Send the demand letter.

Before you can sue DirecTV you have to ask them to fix the problem beforehand.

This is called the demand letter.

The letter doesn’t have to be award winning. It can be nothing more than a few sentences telling DirecTV who you are (your name, address, phone number and account number), what the problem is, and what you want from them.

When you’re done writing, you need to mail a hard copy of the letter, preferably as certified mail or some other service that allows you to confirm delivery, to:

P.O. Box 915
El Segundo, CA, 90245

If you would like examples of demand letters or more information about how to write them, you can find an excellent guide here.

(This address is taken from the DirecTV subscriber agreement here.)


Fill out court forms.

In order to sue DirecTV in small claims court, you’re going to need to fill out some paper work.

Every state has different requirements which will be listed on the state court website. There might also be requirements for your county which can be found on the same site.

It is important that you fill out the right forms, and in the right number. Most states require 3 or 4 copies when you file and if you don’t have enough, there won’t be a copy machine near by.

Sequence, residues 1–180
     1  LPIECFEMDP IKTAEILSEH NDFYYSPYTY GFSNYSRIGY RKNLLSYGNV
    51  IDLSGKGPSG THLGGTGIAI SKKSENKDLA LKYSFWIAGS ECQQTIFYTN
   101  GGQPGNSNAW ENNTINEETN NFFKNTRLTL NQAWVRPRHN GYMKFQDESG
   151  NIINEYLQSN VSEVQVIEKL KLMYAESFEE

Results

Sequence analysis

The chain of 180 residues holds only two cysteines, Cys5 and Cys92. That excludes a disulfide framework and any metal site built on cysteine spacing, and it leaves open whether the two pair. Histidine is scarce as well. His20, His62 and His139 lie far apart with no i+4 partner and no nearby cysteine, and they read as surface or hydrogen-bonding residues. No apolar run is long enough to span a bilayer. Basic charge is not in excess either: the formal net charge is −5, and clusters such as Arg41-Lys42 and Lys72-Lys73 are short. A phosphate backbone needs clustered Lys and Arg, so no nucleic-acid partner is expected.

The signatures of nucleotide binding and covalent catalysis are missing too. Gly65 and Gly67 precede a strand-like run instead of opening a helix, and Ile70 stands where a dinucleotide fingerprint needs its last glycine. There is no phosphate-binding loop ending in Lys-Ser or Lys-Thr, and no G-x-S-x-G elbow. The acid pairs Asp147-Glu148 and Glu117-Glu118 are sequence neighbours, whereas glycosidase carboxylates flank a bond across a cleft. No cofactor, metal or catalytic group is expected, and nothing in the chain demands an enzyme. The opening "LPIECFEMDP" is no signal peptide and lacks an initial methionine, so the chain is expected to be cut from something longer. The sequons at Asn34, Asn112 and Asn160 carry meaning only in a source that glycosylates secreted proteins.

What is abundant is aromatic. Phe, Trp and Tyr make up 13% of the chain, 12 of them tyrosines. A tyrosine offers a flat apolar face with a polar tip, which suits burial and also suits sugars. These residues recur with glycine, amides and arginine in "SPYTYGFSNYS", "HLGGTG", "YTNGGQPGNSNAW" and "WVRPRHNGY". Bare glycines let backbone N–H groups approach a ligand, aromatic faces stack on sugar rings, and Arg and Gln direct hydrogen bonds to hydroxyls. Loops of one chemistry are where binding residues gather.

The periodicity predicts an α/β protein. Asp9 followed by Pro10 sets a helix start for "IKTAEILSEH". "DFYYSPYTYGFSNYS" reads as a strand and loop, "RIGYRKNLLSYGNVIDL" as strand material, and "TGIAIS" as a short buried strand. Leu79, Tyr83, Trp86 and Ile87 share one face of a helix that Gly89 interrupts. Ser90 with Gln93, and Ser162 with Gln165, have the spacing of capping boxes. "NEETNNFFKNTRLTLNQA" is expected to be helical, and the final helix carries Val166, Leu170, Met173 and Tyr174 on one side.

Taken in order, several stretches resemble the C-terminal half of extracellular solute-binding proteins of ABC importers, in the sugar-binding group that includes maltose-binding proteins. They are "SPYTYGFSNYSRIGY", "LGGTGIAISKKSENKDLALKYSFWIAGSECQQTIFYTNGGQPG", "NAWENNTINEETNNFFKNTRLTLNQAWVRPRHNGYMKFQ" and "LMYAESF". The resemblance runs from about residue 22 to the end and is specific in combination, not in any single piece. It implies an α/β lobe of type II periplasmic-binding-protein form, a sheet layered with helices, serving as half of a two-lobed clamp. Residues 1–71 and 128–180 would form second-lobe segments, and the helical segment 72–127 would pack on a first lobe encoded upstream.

“File” your documents with the court.

Now that you have the forms filled out, it is time to officially “file”. This is where you formally inform the courts you are going to sue DirecTV.

Many courts will require you to physically go to the courthouse during specific hours and days to hand-deliver the forms to the county clerk. If you are lucky, your courts may allow you to file by mail, fax or (for a few courts) online.

At this time you will need to pay the small claims court filing fee before you can sue DirecTV. You will get a stamped copy back of your forms, and keep them safe.


“Serve” your forms on DirecTV.

This is a lengthy process and now that you’ve filed you need to inform the company that you are going to sue DirecTV.

This is called “serving” the company. Each court has different rules for how you have to “serve” a company. It is important that you follow each of them exactly, otherwise your case might be thrown out.

If you can’t find out how to sue on your state court website, you can search for “[your state] small claims service of process”.


Head to court for your hearing.

The county clerk will give you a court date at the time you file, and this is the official hearing. Go to the right courthouse at the right time. Some counties have multiple courthouses so plan ahead.

Bring the copy of the forms you filed and any evidence you have to back up your claim, such as printed account documents or agreements.

Sometimes, DirecTV will show up and offer their side, and other times they will not show up to oppose you. If that happens, take advantage of the situation to focus on your side of the story.

Ready to sue DirecTV in small claims court?
If this sounds too hard and expensive, try consumer arbitration instead…